In an e-mail, a Wells Fargo spokesman defended its actions: “Wells Fargo provides credit to responsible companies in a variety of financial services industries.”

But even with the exorbitant fees and sky-high interest rates, the fringe financial shops do provide much-needed services. Outside Money Mart, Mr. Macias said that he wished banks gave him products similar to the check-cashing operation.

Ms. Stuhldreher agreed.

“There’s a lot financial institutions can learn from check cashers,” she said. “They’re convenient. Some are open 24 hours. Their fees are too high, but they are transparent.”

    Unemployed Is Bad Enough; ‘Unbanked’ Can Be Worse, NYT, 17.3.2012,






The Good, Bad and Ugly of Capitalism


March 16, 2012
The New York Times


On Wednesday, Howard Schultz, the chairman and chief executive of Starbucks, will take the podium at his company’s annual meeting and talk about the importance of morality in business.

Yes, morality. I don’t know that he’ll use that exact word. But there can be little doubt that in recent years, especially, Schultz has been practicing a kind of moral capitalism. Profitability is important, he believes, but so is treating customers, employees and coffee growers fairly. Recently, Schultz has defined Starbucks’s mission even more broadly, creating programs that have nothing at all to do with selling coffee but are aimed at helping the country recover from the Great Recession.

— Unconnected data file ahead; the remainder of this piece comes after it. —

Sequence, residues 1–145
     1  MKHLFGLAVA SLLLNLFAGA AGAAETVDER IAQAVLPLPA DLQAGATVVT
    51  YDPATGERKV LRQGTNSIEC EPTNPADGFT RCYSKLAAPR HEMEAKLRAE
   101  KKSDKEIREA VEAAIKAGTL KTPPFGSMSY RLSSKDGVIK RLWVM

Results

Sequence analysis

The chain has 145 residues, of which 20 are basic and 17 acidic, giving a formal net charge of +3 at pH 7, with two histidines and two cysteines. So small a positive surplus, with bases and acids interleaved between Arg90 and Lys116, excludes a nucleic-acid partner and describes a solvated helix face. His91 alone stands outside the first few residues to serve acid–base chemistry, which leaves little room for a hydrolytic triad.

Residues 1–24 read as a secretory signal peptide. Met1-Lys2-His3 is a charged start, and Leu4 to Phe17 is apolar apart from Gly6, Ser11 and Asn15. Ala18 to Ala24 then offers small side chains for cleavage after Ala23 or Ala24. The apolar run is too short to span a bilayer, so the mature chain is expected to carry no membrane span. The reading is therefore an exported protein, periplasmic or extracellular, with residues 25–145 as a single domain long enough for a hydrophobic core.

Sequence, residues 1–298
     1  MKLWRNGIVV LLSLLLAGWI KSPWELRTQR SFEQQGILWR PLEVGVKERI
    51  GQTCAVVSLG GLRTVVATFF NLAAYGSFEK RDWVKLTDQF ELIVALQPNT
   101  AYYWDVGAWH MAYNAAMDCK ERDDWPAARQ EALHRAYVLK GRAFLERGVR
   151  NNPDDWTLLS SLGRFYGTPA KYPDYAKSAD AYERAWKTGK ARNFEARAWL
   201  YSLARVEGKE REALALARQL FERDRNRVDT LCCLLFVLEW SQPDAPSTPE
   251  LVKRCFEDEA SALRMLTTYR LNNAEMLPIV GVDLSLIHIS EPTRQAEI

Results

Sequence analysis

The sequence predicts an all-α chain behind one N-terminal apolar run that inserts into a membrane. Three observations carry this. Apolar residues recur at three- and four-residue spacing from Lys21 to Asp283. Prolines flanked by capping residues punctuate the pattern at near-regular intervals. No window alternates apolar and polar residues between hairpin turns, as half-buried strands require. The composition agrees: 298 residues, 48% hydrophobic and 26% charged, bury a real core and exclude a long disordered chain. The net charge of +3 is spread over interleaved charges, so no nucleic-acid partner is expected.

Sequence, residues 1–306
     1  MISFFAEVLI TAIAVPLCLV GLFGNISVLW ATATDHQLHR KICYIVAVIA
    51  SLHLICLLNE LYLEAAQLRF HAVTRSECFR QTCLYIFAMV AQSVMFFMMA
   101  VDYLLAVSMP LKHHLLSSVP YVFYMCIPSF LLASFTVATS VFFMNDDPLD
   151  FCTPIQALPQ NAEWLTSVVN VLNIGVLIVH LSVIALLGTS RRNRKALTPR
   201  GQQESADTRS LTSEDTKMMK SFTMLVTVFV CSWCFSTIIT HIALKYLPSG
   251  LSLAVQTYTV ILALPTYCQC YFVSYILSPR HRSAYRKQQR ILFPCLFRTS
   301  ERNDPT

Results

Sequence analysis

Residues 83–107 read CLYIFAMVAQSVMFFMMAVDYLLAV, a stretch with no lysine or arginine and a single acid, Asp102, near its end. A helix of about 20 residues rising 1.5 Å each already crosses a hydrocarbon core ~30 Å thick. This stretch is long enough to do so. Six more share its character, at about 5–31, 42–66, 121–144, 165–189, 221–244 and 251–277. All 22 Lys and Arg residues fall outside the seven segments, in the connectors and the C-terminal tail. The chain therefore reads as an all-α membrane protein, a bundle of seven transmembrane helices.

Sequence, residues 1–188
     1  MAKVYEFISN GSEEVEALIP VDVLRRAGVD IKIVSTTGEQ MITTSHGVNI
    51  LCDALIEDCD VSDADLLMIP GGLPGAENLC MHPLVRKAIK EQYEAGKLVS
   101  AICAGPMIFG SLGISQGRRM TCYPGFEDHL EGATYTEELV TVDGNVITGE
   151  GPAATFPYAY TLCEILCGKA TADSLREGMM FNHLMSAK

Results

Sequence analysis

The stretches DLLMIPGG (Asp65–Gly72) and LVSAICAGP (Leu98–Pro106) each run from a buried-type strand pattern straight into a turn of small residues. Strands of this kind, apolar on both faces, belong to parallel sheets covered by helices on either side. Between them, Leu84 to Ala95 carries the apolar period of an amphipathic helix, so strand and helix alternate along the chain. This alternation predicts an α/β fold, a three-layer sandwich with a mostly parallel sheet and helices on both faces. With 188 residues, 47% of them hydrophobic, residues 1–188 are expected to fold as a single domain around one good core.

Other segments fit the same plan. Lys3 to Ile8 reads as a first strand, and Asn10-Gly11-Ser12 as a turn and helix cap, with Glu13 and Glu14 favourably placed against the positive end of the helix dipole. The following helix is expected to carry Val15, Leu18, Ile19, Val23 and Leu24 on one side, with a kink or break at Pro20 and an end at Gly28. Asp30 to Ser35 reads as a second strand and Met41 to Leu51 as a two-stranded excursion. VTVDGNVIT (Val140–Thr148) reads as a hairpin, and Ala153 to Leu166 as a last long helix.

In the speech, Schultz plans to make a direct link between Starbucks’s record profits and this larger societal role the company has embraced. He will make the case that companies that earn the country’s trust will ultimately be rewarded with a higher stock price. “The value of your company is driven by your company’s values,” he plans to say.

I bring up Schultz and Starbucks because this week we saw a different kind of American capitalism on display — the “rip your eyeballs out” capitalism of Goldman Sachs. In the corporate equivalent of the shot heard round the world, Greg Smith, a former Goldman executive, wrote an Op-Ed article in The Times as he was walking out the door in which he described a corporate culture that values only one thing: making as much money as possible, by whatever means necessary. According to Smith, Goldman views clients as pigeons to be plucked rather than customers to be valued. Goldman traders vie to see how much profit they can make at the expense of their clients, even if it means selling them products that are sure to “blow up” eventually. “It makes me ill how callously people talk about ripping their clients off,” Smith wrote.